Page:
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Re: direct local change when a consumer chains a write to the producer?
- Subject: Re: direct local change when a consumer chains a write to the producer?
- From: Howard Chu <email@example.com>
- Date: Mon, 05 Dec 2005 02:06:13 -0800
- Cc: OpenLDAP devel list <openldap-devel@OpenLDAP.org>
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Pierangelo Masarati wrote:
I note that an alternative to copying the result of
the modify to slave, another way to address inconsistent
reads after modify is to chain the read as well.
That is, if a server chains a modify for a client, it
should then chain any subsequent read of that entry
by that client as well. That is, treat this read as
if it included a dontUseCopy control.
Agree; but I fear the issue here is to workaround the behavior of clients
that shouldn't even be aware of contacting a replica, not to mention the
dontUseCopy control; of course, if the client uses that control under the
assumption that it might be contacting a replica, everything __should__ go
smooth. Or do you mean that the replica should keep track of those
entries it sent a referral on update, and act as if the control was
attached? This really sounds like going off track. In this case, I'd
rather prefer chaining the operation and (optionally) syncing.
There's another possible approach - don't return a Modify response to
the client until the necessary syncing has occurred. In the old syncprov
implementations this was implicit - writes on the provider would not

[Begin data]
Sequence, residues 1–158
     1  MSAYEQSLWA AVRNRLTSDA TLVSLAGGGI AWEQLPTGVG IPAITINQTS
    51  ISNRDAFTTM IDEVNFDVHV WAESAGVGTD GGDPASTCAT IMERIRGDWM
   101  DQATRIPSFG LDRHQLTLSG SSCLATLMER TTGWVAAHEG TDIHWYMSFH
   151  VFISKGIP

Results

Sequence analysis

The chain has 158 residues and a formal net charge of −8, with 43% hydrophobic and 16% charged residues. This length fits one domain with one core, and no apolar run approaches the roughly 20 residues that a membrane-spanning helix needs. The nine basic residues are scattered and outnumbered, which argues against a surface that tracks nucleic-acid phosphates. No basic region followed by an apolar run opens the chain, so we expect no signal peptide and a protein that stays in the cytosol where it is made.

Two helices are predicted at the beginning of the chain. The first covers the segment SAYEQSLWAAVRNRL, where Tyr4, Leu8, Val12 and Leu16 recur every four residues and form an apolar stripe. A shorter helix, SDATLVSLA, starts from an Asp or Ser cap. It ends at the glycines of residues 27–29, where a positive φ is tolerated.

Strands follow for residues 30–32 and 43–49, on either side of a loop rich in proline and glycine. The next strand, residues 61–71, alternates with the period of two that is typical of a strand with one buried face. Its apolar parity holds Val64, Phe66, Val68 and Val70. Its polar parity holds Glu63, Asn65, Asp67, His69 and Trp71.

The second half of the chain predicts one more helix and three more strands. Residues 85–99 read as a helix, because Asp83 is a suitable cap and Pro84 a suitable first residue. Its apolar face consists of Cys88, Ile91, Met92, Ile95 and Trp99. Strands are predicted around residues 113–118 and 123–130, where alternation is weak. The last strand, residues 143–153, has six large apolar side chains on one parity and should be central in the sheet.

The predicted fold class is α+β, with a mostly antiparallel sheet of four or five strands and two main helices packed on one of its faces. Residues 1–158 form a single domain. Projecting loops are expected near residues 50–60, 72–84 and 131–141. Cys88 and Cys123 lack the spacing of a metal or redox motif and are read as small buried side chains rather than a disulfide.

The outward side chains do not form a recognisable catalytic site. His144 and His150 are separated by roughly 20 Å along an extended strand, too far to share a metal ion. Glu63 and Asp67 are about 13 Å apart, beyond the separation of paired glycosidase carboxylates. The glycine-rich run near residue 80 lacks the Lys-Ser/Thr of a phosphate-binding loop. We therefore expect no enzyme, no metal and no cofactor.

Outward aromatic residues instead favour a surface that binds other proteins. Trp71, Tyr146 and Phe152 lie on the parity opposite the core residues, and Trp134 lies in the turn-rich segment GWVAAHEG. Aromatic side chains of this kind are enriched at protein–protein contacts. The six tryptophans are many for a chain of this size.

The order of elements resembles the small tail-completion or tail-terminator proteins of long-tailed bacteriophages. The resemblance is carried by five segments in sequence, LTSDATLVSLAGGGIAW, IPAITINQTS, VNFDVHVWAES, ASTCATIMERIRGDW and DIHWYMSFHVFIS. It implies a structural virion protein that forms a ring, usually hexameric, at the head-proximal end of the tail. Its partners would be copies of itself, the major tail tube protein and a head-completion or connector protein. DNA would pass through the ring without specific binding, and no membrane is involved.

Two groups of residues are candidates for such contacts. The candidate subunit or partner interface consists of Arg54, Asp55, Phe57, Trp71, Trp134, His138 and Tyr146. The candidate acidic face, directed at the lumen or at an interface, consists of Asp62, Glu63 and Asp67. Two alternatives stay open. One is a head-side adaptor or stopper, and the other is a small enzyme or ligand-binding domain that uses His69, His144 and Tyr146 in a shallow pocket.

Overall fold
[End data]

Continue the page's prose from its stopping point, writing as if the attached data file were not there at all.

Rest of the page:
complete until all the persistent consumers were updated, so a consumer
that chained a write to a provider could not send a response to the
client until the consumer was sync'd. Of course now the persistent
consumers are updated asynchronously, so some work would be needed to
regain the synchronous behavior.
The question is how important is it that clients be able to immediately
follow a write request with a read request, and why these clients aren't
just using a post-read control in the first place. If this is something
that needs to be done frequently, then we probably need to provide an
option somewhere in syncprov to go back to its fully synchronous
behavior. Perhaps that should be a control of its own - "WaitForSlaves".
Still, only newly written clients would be aware of this control, so
what should the default behavior be without it?
-- Howard Chu
Chief Architect, Symas Corp. http://www.symas.com
Director, Highland Sun http://highlandsun.com/hyc
OpenLDAP Core Team http://www.openldap.org/project/